Nuclear ships are currently the responsibility of their own countries, but none are involved in international trade. As a result of this work in 2014 two papers on commercial nuclear marine propulsion were published by Lloyd's Register and the other members of this consortium.[6][7] These publications review past and recent work in the area of marine nuclear propulsion and describe a preliminary concept design study for a 155,000 dwt Suezmax tanker that is based on a conventional hull form with alternative arrangements for accommodating a 70 MWt nuclear propulsion plant delivering up to 23.5 MW shaft power at maximum continuous rating (average: 9.75 MW). The Gen4Energy power module is considered. This is a small fast-neutron reactor using lead-bismuth eutectic cooling and able to operate for ten full-power years before refueling, and in service last for a 25-year operational life of the vessel. They conclude that the concept is feasible, but further maturity of nuclear technology and the development and harmonisation of the regulatory framework would be necessary before the concept would be viable.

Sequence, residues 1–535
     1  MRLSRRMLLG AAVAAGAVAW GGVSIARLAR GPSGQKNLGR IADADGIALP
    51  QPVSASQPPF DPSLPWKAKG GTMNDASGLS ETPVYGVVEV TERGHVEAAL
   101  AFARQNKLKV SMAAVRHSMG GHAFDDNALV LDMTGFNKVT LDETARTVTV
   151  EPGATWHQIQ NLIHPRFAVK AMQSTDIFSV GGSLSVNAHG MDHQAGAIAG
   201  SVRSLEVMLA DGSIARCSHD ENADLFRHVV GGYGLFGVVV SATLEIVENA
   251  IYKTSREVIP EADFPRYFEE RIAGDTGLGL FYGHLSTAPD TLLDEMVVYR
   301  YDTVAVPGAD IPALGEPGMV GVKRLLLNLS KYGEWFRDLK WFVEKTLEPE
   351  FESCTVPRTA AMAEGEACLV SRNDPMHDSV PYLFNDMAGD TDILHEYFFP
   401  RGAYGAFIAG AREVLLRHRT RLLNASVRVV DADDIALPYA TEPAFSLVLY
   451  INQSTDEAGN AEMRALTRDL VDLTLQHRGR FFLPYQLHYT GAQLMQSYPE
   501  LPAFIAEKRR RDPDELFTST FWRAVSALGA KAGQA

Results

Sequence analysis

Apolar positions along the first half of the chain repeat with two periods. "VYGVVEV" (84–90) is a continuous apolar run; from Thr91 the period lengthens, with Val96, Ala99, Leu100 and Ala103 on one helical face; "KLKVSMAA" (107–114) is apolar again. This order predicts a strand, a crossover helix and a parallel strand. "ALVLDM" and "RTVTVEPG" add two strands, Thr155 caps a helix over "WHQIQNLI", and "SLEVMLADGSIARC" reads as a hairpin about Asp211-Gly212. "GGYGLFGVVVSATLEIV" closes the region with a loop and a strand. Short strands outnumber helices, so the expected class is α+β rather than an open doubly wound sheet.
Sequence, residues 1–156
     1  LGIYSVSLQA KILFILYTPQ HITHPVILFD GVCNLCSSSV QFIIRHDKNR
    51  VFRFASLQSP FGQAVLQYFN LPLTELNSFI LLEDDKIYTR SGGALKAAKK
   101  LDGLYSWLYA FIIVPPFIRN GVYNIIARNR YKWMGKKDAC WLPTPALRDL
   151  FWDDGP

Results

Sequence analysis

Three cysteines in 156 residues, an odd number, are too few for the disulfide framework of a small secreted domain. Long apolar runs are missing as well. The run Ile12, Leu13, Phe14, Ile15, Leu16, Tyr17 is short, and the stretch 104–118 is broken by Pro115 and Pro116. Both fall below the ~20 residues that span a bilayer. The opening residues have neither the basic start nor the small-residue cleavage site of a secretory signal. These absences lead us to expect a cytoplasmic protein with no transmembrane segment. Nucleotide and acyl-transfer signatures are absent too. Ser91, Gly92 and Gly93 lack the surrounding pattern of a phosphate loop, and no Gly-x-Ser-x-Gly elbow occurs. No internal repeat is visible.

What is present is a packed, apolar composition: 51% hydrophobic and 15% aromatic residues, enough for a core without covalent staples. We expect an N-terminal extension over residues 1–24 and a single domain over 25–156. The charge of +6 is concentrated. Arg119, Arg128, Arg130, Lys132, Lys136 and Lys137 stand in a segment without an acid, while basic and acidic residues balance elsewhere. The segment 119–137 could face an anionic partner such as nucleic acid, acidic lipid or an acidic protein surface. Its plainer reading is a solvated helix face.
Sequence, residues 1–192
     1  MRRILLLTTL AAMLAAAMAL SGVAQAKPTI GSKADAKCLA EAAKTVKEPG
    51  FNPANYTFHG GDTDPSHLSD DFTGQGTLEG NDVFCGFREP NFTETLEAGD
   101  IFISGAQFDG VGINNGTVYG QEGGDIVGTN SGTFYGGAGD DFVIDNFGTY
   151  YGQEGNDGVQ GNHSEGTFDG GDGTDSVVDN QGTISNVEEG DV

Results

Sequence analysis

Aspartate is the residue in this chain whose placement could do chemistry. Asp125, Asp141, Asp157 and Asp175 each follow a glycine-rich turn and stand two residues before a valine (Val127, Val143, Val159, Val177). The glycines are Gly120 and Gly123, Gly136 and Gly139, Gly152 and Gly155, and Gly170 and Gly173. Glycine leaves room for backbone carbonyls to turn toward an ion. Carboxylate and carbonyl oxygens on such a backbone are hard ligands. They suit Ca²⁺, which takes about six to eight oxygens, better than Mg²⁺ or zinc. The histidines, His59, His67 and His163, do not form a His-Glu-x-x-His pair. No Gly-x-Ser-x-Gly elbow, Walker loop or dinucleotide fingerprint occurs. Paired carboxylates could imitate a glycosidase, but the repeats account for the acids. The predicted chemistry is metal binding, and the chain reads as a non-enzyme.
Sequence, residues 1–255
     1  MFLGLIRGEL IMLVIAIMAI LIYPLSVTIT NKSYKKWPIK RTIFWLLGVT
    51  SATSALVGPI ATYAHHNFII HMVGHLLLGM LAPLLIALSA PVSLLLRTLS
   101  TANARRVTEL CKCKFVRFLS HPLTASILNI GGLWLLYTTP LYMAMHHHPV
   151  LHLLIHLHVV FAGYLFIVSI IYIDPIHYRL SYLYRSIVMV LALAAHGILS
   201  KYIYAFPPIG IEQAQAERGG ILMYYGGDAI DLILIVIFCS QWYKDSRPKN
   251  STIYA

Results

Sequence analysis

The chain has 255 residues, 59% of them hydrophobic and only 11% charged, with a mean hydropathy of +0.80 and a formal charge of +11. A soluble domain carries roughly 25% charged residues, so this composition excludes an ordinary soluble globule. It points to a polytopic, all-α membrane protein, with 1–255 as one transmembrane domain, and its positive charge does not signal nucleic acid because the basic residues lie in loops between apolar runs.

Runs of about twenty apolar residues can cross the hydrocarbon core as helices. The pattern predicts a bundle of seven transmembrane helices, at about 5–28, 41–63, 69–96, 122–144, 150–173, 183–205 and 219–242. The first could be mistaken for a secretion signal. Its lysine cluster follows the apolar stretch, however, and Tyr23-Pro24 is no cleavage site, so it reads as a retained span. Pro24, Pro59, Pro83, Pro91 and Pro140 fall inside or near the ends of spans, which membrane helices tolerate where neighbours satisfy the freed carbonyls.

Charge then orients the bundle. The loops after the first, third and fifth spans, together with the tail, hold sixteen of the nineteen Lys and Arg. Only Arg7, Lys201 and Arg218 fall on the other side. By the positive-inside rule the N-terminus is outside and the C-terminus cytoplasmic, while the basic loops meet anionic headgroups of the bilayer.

The main difference is that I plan to draw an operational container/bulker ship rather than a prototype based on an oil tanker, working from the assumption that all the regulatory challenges have been sorted out. Beyond that, the overall target is as follows:
  • Large, practical, commercially feasible nuclear-powered merchant vessel to improve and decarbonize shipping
  • Ideally utilizing a Gen4-type LFR with uranium nitride fuel to support cogeneration and long operational times without refueling, combined with an IFEP system to support freedom of placement of the reactor independent of the propulsion system